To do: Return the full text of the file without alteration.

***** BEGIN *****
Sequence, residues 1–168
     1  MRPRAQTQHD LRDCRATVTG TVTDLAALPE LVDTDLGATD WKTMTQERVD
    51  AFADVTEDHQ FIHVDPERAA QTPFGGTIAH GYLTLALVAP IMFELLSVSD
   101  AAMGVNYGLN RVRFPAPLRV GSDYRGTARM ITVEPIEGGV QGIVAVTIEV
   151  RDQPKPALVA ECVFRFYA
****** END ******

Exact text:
Sequence, residues 1–168
     1  MRPRAQTQHD LRDCRATVTG TVTDLAALPE LVDTDLGATD WKTMTQERVD
    51  AFADVTEDHQ FIHVDPERAA QTPFGGTIAH GYLTLALVAP IMFELLSVSD
   101  AAMGVNYGLN RVRFPAPLRV GSDYRGTARM ITVEPIEGGV QGIVAVTIEV
   151  RDQPKPALVA ECVFRFYA